The Impact Of Sleep Loss: Can It Affect The Size Of Your Brain?

sleep deprivation
Poor sleep quality has been linked to a decline in brain volume. Photo courtesy of Shutterstock

Lacking sleep can have quite an influence over your health; studies have shown that sleep deprivation can lead to poor memory skills, decreased quality of life, and impaired performance and alertness in accomplishing tasks. Not to mention a higher chance of developing high blood pressure, stress, attention deficit disorder, depression, and even obesity.

Now, researchers are beginning to examine the impact sleep deprivation might have on brain size. In a new study out of the University of Oxford, scientists examined 147 adults who were aged 20 to 84. They analyzed the link between lack of sleep and brain volume, finding that on average sleeping difficulties were associated with the “rapid decline in brain volume.” All of the participants underwent two MRI brain scans — about 3.5 years apart — and completed questionnaires about how they slept: whether they had a difficult time falling asleep, staying asleep, or sleeping a solid amount of hours every night. About 35 percent of the participants were shown to have poor sleep quality, according to the authors.

But the researchers still aren’t sure whether they can determine from this study that people with low sleep quality will indeed experience a decline in brain volume. Though there is a link, there is no telling if it’s a causation or just a correlation. What they did find, however, was that rapid decline in brain volume was more strongly apparent in people over the age of 60.

“It is not yet known whether poor sleep quality is a cause or consequence of changes in brain structure,” study author Claire E. Sexton of the University of Oxford said in the press release. “There are effective treatments for sleep problems, so future research needs to test whether improving people’s quality of sleep could slow the rate of brain volume loss. If that is the case, improving people’s sleep habits could be an important way to improve brain health.”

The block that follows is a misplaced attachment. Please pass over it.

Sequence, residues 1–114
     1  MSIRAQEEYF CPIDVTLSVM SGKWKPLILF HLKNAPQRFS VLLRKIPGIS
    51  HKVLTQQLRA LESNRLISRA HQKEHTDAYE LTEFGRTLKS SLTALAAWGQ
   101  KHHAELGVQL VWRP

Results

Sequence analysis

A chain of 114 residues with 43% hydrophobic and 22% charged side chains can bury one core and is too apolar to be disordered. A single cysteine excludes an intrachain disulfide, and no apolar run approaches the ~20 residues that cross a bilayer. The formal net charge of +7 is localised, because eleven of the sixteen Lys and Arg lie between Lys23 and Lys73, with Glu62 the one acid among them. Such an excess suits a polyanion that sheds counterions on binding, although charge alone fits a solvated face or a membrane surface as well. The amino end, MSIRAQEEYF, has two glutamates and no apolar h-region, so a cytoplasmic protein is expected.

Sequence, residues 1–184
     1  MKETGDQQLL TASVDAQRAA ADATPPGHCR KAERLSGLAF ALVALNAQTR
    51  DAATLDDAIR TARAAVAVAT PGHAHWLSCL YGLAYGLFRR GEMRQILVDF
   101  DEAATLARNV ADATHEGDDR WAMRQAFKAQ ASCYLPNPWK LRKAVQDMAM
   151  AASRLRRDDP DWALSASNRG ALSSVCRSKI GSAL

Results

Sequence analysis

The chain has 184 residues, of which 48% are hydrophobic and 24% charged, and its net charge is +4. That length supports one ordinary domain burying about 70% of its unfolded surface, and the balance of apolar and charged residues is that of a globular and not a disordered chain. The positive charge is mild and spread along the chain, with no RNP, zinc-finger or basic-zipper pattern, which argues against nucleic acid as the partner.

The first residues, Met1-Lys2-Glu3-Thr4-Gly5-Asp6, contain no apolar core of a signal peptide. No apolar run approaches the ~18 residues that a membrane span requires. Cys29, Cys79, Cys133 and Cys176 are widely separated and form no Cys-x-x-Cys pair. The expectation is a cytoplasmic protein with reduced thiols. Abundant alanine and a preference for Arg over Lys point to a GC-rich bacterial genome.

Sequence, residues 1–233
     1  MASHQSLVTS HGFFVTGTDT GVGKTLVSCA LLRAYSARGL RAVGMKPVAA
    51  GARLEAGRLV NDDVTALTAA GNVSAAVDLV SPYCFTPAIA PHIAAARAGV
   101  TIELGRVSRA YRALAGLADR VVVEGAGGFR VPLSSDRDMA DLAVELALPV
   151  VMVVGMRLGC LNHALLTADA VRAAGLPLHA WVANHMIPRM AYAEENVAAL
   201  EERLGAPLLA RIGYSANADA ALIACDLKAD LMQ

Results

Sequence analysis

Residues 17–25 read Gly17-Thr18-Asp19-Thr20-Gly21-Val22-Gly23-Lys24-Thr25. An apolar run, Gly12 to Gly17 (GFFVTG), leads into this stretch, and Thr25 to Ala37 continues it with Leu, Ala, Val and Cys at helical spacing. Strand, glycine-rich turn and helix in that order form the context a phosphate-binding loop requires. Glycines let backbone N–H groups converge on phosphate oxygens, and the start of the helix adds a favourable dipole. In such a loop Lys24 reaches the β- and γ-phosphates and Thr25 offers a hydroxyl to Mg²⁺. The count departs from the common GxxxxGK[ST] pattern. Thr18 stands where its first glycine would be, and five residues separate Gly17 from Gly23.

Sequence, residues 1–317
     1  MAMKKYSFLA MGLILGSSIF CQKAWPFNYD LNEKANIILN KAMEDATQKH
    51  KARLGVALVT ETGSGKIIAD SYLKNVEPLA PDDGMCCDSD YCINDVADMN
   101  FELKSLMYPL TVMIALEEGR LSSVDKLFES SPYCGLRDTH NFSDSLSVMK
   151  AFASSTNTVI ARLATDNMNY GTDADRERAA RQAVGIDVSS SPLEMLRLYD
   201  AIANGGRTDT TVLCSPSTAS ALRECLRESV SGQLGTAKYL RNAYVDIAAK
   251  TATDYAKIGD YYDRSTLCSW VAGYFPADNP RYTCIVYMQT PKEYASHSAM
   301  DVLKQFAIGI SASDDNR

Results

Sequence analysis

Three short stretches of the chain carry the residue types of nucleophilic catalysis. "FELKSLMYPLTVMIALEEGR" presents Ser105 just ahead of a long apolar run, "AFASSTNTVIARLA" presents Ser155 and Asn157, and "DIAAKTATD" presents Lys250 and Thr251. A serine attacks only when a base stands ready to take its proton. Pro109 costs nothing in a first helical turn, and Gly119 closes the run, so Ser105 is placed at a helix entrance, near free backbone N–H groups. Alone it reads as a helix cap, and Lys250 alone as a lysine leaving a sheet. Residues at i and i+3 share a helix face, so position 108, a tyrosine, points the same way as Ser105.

This is just another study that suggests how important sleep is for the brain. Sleep is something of the “brain’s housekeeper,” due to its ability to “cleanse” the brain and repair it. A recent study out of the University of Pennsylvania School of Medicine found that chronic sleep deprivation could be quite serious in that it causes your brain to lose neurons.

“In general, we’ve always assumed full recovery of cognition following short- and long-term sleep loss,” Dr. Sigrid Veasey, an author of the UPenn study and associate professor of Medicine at the Perelman School of Medicine, said in a press release. “But some of the research in humans has shown that attention span and several other aspects of cognition may not normalize even with three days of recovery sleep, raising the question of lasting injury in the brain. We wanted to figure out exactly whether chronic sleep loss injures neurons, whether the injury is reversible, and which neurons are involved… This is the first report that sleep loss can actually result in a loss of neurons.”

So give sleep a chance to be your “brain’s housekeeper,” because it is likely far more important to your brain — and overall health — than you think.

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